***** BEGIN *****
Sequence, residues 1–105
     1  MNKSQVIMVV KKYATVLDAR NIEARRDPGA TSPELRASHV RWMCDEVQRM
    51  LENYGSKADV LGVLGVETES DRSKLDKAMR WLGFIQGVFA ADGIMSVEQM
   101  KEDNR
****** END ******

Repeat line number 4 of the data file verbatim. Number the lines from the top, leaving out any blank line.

   101  KEDNR